Most of us know Ellen DeGeneres for her mischievous pranks, long-running afternoon talk show, and iconic stint as Dory in Finding Nemo. But 20 years ago, this pantsuit-wearing comedian pulled a groundbreaking stunt that paved the way for LGBTQ representation on television.
In 1997, DeGeneres was the star of an aptly-titled sitcom called Ellen, which centered on a neurotic bookstore owner and her cast of quirky friends. For four seasons, DeGeneres’ character, Ellen Morgan, had avoided any romantic connection, just as DeGeneres’ love life was kept under wraps.
With mounting pressure from ABC to include a love interest in Ellen, DeGeneres steered her character — and herself — toward uncharted territory. DeGeneres started negotiations with ABC to have Ellen Morgan come as a lesbian on the show. At first, the studio was reluctant, citing pressure from advertisers and religious groups. As Ellen explains on its 20-year anniversary, writers titled the now-famous coming-out episode “The Puppy Episode” after an ABC exec suggested Ellen get a puppy “because she’s not coming out.”
But come out Ellen would. And having her eponymous character be the first openly gay lead on a network TV show wasn’t the last stop on this journey. DeGeneres coordinated Ellen’s coming-out with her own highly-publicized personal announcement. Over the course of two weeks, both Ellen the Character and Ellen the Woman would come out as lesbians on TV.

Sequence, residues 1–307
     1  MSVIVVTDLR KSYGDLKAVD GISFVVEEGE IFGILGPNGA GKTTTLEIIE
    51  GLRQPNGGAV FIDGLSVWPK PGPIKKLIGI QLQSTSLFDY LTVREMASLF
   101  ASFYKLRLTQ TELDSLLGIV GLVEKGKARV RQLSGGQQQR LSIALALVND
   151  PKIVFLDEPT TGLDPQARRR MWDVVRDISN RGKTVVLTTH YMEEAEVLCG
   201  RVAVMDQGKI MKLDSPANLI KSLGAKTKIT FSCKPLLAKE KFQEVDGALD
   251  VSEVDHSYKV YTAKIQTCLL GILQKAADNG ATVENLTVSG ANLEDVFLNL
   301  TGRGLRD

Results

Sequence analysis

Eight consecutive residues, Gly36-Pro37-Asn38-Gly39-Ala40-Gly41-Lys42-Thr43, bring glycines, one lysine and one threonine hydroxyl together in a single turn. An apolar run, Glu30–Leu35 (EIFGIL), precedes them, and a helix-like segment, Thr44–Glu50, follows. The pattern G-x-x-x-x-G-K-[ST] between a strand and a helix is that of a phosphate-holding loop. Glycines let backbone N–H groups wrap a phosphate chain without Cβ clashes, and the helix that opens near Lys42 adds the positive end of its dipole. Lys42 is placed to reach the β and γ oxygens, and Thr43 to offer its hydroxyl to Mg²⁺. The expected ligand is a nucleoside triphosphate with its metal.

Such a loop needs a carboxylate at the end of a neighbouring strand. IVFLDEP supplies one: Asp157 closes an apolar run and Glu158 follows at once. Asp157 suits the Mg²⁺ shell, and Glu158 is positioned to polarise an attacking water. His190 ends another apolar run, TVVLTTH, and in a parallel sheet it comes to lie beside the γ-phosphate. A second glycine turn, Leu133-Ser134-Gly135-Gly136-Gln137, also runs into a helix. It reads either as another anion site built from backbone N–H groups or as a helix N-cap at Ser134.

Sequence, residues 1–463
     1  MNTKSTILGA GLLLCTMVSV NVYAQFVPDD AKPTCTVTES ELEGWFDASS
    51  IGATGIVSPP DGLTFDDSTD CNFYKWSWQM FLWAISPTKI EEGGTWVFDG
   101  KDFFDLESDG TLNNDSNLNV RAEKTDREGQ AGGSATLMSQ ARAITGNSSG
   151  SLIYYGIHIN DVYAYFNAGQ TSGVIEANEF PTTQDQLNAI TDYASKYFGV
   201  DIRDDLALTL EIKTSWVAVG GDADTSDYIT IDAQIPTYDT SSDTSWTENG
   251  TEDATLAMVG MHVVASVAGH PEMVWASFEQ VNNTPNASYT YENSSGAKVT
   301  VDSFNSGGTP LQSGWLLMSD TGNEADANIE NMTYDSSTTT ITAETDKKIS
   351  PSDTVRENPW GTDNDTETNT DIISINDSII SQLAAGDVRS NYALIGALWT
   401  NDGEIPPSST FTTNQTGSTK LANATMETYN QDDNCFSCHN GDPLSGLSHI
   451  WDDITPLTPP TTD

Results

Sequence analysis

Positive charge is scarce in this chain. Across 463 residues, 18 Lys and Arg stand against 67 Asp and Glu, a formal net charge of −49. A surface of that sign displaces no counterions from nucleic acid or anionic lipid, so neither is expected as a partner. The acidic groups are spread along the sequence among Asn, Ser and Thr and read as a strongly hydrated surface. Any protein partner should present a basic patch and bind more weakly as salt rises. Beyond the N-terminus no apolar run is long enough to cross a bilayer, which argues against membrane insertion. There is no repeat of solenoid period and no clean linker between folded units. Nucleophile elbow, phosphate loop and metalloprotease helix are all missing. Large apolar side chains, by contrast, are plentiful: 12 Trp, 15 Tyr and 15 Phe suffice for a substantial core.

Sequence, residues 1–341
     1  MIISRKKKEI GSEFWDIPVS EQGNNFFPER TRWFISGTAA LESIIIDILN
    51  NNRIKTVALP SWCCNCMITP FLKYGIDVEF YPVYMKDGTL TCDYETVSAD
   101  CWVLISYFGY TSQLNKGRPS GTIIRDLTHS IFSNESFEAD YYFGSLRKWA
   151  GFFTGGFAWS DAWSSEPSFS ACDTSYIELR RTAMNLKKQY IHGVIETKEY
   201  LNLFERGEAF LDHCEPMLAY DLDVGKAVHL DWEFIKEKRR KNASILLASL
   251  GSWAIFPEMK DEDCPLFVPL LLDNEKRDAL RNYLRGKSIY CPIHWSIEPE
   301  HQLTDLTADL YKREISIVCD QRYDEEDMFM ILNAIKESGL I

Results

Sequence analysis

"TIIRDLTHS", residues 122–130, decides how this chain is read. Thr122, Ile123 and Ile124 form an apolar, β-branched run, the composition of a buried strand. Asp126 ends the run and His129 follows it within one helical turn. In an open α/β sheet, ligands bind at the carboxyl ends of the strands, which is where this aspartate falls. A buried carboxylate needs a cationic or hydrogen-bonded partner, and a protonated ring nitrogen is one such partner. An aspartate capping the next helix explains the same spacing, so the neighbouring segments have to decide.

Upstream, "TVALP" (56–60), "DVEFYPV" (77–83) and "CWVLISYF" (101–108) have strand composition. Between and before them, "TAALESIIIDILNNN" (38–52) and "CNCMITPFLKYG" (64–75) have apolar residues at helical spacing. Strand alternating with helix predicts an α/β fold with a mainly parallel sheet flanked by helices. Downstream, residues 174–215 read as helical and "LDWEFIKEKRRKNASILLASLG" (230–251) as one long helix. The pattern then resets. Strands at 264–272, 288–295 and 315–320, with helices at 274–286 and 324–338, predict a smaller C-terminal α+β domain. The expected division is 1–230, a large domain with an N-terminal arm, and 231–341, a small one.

Then, on April 30, the now-famous “Puppy Episode” of Ellen aired. In this two-part episode, Ellen first comes out to her therapist — who, since art imitates life, was played by none other than Oprah. To ensure a comedic moment, Ellen later comes out to the woman whom she’s crushin’ on, played by Laura Dern, by accidentally saying, “I’m gay,” into a microphone.
Forty-two million viewers tuned in to watch “The Puppy Episode,” which went on to garner an Emmy Award for Best Comedy Writing, and a Peabody Award.
Despite critical acclaim, Ellen was cancelled after five seasons. Don't forget: This was an America highly divided over LGBTQ rights, and one that passed the Defense of Marriage Act only a year prior. In an interview with Entertainment Weekly, ABC executive Stuart Bloomberg said, “As the show became more politicized and issue-oriented, it became less funny and audiences noticed.” In cloaked rhetoric, Bloomberg essentially blamed the show’s inclusion of LGBTQ issues as the reason for its downfall.
Although Ellen was subsumed by backlash, the sitcom’s sacrifice paved the way for so many shows to come after, beginning with 1998's Will and Grace, the beloved NBC sitcom about a gay man (Will McCormick) and his friendship with straight woman (Debra Messing).
The television landscape has changed drastically 1997, when there were only 22 LGBTQ supporting characters, and one Ellen Morgan, on TV. We have Ellen to thank for everything from Orange is the New Black to American Gods to Logo’s new reality TV show, Fire Island.
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